February 18, 2004
Dean drops out
It's old news by now, but I do want to add my voice to those who have thanked Howard Dean for helping to infuse the Democratic Party and the various contenders for the Presidency with a spine, and to help them overcome their fear of attacking our Popular Wartime President for his many and manifest failings. I'll be very interested to see what Dean does with his existing structure. If I have one wish, it's for him to encourage as many of his supporters as possible to run for office themselves, as Rob is doing. You want there to be a positive legacy of Dean For America, that's your best bet.
Frankly, if there's anyone who should be thanking Howard Dean for his campaign, it's John Kerry, as William Burton pointed out.
By claiming the left wing of the Democratic Party as his own, Dean created space towards the center for Kerry to emerge as a "moderate" alternative. Without Dean in the race, Kerry would've been the most liberal viable candidate; and centrist support would've drifted to the candidate who best positioned himself as the moderate alternative to that liberal Kerry.
I don't know if the voter perception of Kerry as a moderate will hold through the general election. Unfortunately, most of the swing voters and Reagan Democrats probably aren't paying enough ettention right now to form a lasting impression of Kerry before the Bush war machine gets cranked up.
This could've all been different. If Dean had emphasized his moderate record as Governor rather than running almost solely on the war (until just before the election), he might've actually emerged as the moderate alternative, rather than as the liberal sacrificial lamb.
I think that's right, though of course the media's insistence that opposition to the invasion of Iraq somehow equals flaming liberalism didn't hurt Kerry, either. I think William is wrong about what Dean might have emphasized - for better or worse, had he spent 2003 talking about his record in Vermont, he'd have remained an obscure former Goveror of a tiny state that had no shot at the nomination - and I'm also a bit more sanguine about how Kerry will be perceived in the months to come. The "Vietnam veteran" story line seems to have taken hold, and I think the nattering nabobs will continue to play that up because they like that kind of contrast between candidates. But we'll see. I could most certainly be wrong about this.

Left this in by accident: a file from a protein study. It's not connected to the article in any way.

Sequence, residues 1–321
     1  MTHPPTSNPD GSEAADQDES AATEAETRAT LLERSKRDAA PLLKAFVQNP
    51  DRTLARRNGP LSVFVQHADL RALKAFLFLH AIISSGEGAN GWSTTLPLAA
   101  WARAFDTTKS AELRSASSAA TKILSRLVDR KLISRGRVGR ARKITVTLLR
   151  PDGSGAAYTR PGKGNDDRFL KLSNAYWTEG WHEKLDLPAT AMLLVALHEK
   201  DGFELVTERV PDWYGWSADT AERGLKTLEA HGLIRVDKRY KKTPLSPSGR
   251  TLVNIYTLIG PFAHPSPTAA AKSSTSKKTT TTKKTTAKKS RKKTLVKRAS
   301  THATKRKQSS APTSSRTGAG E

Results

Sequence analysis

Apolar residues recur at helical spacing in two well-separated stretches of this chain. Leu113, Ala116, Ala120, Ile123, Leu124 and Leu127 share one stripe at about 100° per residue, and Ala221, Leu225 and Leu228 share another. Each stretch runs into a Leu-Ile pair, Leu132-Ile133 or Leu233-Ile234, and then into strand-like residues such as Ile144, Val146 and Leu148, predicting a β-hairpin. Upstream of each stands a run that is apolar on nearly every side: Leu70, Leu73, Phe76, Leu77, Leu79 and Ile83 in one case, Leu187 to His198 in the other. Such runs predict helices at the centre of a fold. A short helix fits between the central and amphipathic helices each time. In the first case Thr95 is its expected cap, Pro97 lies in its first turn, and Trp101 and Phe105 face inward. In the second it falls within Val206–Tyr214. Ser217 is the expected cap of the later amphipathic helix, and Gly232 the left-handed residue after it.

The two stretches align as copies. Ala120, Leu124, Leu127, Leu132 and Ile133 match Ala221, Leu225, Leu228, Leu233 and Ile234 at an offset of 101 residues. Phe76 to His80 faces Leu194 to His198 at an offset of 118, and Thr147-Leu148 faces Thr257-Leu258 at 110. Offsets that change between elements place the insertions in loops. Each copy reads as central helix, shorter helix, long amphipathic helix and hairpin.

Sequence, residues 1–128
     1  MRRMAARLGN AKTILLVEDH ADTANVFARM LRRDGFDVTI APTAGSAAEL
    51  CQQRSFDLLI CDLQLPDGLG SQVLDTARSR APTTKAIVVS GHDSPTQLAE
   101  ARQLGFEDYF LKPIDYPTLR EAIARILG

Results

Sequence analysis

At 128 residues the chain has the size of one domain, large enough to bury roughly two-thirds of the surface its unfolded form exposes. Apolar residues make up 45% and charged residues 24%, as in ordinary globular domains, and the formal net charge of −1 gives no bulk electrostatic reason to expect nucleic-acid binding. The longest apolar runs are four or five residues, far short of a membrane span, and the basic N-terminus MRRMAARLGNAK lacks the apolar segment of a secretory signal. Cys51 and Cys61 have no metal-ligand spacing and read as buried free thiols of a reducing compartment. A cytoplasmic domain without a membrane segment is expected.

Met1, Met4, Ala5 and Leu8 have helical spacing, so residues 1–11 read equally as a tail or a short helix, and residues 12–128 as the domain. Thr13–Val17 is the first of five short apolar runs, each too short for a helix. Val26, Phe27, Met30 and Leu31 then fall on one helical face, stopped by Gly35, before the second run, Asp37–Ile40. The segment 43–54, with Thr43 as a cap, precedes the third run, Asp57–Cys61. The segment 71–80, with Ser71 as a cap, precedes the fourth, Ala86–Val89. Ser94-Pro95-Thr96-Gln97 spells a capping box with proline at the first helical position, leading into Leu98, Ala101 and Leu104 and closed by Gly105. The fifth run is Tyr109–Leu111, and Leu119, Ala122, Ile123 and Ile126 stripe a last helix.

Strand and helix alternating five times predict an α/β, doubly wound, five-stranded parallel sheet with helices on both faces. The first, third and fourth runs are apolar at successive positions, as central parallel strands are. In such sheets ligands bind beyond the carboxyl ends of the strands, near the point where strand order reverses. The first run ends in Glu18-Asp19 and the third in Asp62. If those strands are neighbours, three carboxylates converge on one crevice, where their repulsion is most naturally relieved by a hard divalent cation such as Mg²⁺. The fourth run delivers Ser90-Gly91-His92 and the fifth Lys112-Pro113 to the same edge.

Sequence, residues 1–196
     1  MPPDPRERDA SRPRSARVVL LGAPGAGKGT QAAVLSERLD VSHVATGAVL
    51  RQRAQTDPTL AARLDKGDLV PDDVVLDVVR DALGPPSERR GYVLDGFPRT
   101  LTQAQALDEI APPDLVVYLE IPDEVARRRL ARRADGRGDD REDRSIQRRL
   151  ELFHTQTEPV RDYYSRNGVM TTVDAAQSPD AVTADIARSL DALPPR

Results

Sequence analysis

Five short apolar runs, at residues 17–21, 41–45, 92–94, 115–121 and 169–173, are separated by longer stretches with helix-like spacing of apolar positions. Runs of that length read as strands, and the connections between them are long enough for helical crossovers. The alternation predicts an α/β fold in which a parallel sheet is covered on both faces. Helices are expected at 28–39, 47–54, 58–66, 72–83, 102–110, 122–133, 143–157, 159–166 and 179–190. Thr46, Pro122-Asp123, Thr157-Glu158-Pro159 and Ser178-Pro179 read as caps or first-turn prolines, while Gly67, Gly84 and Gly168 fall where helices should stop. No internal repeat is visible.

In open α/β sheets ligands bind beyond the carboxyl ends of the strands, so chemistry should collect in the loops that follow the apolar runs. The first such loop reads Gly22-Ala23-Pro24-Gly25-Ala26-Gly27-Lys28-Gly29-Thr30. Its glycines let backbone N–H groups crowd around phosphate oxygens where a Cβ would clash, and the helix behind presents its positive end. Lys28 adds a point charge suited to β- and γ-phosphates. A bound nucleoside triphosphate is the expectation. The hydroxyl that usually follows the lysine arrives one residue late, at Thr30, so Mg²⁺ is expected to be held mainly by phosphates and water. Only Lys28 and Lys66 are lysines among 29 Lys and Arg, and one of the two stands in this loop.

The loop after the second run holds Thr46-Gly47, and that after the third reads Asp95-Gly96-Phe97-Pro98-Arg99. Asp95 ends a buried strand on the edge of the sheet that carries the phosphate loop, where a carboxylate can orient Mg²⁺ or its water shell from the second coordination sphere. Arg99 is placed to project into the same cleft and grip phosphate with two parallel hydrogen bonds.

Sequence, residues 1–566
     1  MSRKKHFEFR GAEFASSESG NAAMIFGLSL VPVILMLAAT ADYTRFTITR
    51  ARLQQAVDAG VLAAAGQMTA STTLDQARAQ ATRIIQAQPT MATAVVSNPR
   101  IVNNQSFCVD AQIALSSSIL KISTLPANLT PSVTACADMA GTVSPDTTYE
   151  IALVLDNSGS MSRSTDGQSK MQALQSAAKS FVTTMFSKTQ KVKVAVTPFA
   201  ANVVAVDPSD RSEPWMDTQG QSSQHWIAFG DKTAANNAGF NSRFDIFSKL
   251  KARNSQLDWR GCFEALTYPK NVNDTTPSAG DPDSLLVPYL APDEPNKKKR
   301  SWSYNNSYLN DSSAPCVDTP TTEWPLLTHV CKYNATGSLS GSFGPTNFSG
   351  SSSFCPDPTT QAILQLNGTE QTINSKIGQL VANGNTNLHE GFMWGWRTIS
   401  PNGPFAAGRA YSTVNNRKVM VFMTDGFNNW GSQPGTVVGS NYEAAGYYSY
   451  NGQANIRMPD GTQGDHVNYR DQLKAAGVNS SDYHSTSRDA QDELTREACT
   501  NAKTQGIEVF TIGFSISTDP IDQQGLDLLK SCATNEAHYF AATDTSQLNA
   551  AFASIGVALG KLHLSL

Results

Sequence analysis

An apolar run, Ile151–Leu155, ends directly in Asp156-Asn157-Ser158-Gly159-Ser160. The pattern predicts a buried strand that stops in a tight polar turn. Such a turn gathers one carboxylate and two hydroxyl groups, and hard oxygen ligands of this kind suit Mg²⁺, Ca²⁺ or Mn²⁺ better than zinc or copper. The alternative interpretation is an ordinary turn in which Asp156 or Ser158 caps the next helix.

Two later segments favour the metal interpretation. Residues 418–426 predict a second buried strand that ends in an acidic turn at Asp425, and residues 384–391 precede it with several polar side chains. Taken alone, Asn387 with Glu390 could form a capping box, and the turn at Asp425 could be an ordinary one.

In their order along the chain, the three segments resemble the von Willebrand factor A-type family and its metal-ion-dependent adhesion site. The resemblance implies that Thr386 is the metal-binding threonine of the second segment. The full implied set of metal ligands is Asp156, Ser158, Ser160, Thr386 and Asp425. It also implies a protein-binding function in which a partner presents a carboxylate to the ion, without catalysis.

Posted by Charles Kuffner on February 18, 2004 to The making of the President
Kuff, before I post, let me again thank you for a thoughtful forum in which a conservative like myself isn't reluctant to occasionally pose a genuine question to his countrymen of the opposite party. My question today is, How is Kerry a "'moderate' alternative" to Dean?
By some measures - such as the ranking system of Americans for Democratic Action (ADA) - Kerry is among the most liberal members of the Senate. Over the course of his Senate career, Kerry gets a 92 percent rating from the ADA, while Edward Kennedy (D), the senior senator from Massachusetts, has a 90 percent career rating. Kerry can rebut this analysis by noting that he voted for welfare reform, budget caps, education reform, and the 2002 Iraq war resolution.
That particular quote is from the Christian Science Monitor, but the same stats, and same observation, appear many other places usually without the final qualifying sentence regarding positions (on at least two of which, education reform and the Iraq War, Kerry has since backtracked).
Is it unfair to characterize someone whose whole-career voting record is to the left of Ted Kennedy as a "flaming liberal," Kuff? Or asked another way, is it possible to be a "moderate alternative" when you're to the left of Ted Kennedy?